TV still has mass, but not nearly as much as it used to.
Unquestionably, television remains a dominant media format. eMarketer estimates there will be $284.8 billion in total US ad spending in 2008, and TV still garners 25% of those dollars. But growth is slowing.
According to eMarketer, in 2009 US TV advertising spending will decline 4.2% to $66.9 billion.
“This precipitous drop reflects not only the poor economic conditions, but fundamental changes in the way television advertising is being bought and sold,” says Carol Krol, eMarketer senior analyst and author of the new report, Television’s New Picture: Seismic Shifts in the Digital Age. “Fragmentation and declines in viewership have made it more difficult for advertisers to reach audiences.”
Consumers are accessing video content beyond the TV screen—and much of that viewing is occurring online.
“Although there will be inevitable stumbling as they find their footing, the broadcast networks are making bold and interesting choices in an effort to follow consumers online,” says Ms. Krol. “They are collaborating with competitors, hooking up with online partners and forging alliances that were unheard of just a few years ago.”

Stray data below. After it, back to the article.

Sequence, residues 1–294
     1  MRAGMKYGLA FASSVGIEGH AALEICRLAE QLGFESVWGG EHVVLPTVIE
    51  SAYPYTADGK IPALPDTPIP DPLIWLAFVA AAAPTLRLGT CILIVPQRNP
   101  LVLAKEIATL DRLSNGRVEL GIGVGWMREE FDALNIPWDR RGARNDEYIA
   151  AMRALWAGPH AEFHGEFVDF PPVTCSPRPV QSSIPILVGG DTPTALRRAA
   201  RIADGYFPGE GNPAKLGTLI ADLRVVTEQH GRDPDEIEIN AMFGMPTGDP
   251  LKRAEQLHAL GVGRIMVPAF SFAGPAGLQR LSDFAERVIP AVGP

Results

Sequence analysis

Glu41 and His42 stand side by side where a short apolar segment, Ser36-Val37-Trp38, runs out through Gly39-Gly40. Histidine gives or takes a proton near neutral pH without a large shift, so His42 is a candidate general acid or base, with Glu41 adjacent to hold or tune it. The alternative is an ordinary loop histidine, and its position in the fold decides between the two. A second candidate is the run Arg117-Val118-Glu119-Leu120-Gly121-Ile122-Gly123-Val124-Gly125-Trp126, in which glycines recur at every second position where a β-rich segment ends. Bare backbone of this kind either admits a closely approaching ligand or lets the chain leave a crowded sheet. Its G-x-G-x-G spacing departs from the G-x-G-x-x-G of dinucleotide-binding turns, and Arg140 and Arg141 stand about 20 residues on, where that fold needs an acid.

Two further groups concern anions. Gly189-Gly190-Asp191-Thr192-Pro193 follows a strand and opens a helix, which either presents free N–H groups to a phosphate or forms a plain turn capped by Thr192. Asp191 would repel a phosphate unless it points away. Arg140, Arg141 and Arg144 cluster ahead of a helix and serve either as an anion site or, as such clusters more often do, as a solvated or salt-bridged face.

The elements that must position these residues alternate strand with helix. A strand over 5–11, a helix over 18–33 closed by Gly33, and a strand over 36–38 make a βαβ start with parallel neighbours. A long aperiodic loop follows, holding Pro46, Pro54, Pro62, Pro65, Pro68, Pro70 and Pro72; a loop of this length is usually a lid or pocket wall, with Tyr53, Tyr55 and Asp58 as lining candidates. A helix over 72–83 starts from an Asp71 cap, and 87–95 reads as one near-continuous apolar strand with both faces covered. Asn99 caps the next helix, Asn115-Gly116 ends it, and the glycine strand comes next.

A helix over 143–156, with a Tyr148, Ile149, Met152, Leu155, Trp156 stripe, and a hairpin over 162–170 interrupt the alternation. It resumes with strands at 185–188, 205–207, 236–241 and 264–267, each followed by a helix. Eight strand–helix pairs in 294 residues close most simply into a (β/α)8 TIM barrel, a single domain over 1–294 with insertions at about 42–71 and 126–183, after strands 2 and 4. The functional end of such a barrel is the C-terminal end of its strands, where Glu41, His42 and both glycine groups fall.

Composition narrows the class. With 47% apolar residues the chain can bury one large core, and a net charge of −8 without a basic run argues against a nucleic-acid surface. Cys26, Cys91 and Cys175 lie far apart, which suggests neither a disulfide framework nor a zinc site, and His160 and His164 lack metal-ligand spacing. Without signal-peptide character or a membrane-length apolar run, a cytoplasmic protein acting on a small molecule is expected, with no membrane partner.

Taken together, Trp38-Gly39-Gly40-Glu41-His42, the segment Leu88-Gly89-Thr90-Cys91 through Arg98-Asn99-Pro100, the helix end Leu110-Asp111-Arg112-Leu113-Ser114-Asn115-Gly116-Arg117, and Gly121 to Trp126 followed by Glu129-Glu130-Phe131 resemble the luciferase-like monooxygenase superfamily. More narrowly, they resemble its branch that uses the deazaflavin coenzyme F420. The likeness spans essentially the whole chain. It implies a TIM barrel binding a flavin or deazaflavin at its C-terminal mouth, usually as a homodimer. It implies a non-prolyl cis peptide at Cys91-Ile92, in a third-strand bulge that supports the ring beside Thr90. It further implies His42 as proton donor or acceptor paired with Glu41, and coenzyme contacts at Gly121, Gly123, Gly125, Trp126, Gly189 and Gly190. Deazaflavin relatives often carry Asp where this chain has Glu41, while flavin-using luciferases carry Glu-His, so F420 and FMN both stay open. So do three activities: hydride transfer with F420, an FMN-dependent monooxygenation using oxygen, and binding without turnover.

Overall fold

The TV networks are paying close attention to the rise in online video ad spending, since online video most closely resembles the television experience and consumers are viewing more programming online.
Although online video ad spending as a percent of TV ad spending is currently less than 1%, according to eMarketer projections, it will grow to 1.7% in 2010. That is still only a small fraction of total TV spending, but dollars will continue to flow in that direction.
“It is early in the game and there is no clear winning online business model for broadcasters,” says Ms. Krol. “And while selling online advertising—both display ads and advertising within video streams—shows great promise, those revenues are not sufficient to offset the loss of offline revenues.”
Not yet, anyway.
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